encrypting to expired certificates

Doug Barton dougb at dougbarton.us
Mon Sep 15 21:22:58 CEST 2014

On 9/15/14 12:06 PM, Hauke Laging wrote:
> Am Mo 15.09.2014, 09:47:21 schrieb David Shaw:
>> >I disagree with this.  Expiration is the way the key owner (the person
>> >who knows best whether the key should be used or not) tells the
>> >world, "Do not use this key after this date".
> Where do you take that from? Neither the RfC uses this description nor
> GnuPG nor any GUI I know.


Is this perhaps a language issue? The common English meaning of the word 
"expire" is that after the date listed the thing that expired is no 
longer valid/good/useable/etc. As far as I can tell, everyone on this 
list who responded to you had the same understanding, which is that 
after the expiration date the key is no longer valid. (A view I share,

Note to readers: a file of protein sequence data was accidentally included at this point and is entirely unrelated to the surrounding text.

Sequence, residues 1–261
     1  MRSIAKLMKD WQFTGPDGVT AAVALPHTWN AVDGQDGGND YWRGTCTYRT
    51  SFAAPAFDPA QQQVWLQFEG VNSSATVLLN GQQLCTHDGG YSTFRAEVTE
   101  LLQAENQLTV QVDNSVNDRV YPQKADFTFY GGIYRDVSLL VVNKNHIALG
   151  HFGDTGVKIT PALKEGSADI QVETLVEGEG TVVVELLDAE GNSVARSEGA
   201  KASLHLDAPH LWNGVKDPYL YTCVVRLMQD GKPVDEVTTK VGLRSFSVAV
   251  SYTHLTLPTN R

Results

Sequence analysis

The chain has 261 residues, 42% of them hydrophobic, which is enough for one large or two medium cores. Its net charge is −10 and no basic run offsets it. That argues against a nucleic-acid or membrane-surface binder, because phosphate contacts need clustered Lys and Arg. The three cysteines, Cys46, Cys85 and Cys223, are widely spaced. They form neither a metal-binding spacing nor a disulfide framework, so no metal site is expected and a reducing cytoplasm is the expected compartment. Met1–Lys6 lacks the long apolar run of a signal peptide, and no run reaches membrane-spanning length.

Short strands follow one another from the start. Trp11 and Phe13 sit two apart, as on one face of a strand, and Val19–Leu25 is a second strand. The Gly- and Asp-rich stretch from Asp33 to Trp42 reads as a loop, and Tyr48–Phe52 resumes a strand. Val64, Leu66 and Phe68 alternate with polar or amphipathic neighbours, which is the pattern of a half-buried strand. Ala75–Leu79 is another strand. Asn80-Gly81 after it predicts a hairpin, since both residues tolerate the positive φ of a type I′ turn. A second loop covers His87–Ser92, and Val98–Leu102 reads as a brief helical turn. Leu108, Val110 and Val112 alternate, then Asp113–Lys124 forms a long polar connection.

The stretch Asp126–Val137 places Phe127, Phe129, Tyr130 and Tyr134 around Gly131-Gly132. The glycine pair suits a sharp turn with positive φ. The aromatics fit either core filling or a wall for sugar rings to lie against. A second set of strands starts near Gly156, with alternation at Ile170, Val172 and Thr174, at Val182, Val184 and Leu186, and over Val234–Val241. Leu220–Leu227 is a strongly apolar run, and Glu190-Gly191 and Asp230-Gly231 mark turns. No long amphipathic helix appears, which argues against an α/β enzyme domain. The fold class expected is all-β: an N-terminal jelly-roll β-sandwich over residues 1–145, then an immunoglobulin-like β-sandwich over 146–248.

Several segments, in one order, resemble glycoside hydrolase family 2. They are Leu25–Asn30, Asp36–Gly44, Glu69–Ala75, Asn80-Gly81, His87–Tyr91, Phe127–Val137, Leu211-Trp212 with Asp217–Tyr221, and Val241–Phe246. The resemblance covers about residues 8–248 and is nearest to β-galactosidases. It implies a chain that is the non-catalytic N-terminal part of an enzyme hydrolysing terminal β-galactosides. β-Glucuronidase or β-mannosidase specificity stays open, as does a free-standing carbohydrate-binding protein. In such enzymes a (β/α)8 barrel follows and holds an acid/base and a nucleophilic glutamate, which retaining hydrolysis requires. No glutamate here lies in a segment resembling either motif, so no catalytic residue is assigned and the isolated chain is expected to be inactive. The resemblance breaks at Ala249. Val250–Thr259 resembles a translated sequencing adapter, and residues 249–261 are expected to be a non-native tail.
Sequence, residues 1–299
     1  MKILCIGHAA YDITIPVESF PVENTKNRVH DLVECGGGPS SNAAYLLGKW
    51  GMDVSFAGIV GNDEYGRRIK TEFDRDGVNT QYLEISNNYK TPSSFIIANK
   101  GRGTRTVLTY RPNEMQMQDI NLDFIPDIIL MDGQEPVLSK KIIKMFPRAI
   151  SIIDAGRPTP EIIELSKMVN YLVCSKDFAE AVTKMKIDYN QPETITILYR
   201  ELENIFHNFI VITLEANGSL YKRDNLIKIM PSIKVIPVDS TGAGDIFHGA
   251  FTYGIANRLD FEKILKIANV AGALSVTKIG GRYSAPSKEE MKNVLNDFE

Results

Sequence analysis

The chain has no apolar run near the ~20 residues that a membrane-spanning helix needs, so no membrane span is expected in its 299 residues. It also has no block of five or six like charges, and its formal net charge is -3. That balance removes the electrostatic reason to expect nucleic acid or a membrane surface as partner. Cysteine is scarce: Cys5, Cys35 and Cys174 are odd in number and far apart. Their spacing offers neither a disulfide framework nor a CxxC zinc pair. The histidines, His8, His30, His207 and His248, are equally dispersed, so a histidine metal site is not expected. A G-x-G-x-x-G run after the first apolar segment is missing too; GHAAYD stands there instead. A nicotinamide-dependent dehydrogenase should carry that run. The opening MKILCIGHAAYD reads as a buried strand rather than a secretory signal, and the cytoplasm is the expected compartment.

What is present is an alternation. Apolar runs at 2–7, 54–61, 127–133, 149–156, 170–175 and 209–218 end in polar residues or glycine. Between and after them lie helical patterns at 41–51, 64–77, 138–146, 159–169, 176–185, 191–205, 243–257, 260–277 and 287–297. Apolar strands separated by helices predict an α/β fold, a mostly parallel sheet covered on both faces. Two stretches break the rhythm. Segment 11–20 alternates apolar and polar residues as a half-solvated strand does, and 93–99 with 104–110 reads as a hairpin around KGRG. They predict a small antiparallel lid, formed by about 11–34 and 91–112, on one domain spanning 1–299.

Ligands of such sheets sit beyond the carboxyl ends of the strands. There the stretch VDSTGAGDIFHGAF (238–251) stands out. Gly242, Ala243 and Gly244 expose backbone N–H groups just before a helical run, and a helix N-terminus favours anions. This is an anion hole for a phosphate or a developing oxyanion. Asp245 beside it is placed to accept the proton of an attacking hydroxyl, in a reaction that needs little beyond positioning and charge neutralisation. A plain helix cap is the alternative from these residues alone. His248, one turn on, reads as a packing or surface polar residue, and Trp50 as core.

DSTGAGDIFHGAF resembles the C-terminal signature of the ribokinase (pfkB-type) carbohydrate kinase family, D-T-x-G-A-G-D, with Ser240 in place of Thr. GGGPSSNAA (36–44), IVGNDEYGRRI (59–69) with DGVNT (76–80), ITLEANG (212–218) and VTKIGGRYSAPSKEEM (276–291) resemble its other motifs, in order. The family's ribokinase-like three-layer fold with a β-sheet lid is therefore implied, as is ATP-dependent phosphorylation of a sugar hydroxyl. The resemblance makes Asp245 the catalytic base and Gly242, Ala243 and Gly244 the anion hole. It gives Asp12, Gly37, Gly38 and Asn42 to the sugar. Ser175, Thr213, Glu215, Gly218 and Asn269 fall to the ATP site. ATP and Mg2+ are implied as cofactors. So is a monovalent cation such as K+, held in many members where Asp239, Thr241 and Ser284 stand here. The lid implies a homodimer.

Meanwhile, you're presenting the options for an expired key as "use the 
key, or send plain text." There is a third, and I daresay significantly 
more preferable option, which is to use OOB communication to ascertain 
how the other party would like you to proceed.

Imagine this scenario ... Alice sets an expiration date on her key 
because she knows that after that expiration date her key is:

1. Likely to be compromised
2. Certain to be compromised
3. No longer in her control
4. Is actually now in Mallory's control
5. Other

You have no way to know which of those scenarios is the case. Further 
(assuming that you took the step of refreshing Alice's key) you have no 
way to know why she did not update the expiry date.

In this situation, it is certainly NOT safe to use that key for 
encryption, and in fact "Don't send the message at all" is almost 
certainly the right answer, unless you can determine in some OOB manner 
what Alice wants you to do.

So FWIW, I think that GnuPG is doing the right thing here, and you may 
wish to reconsider your perspective on the issue.



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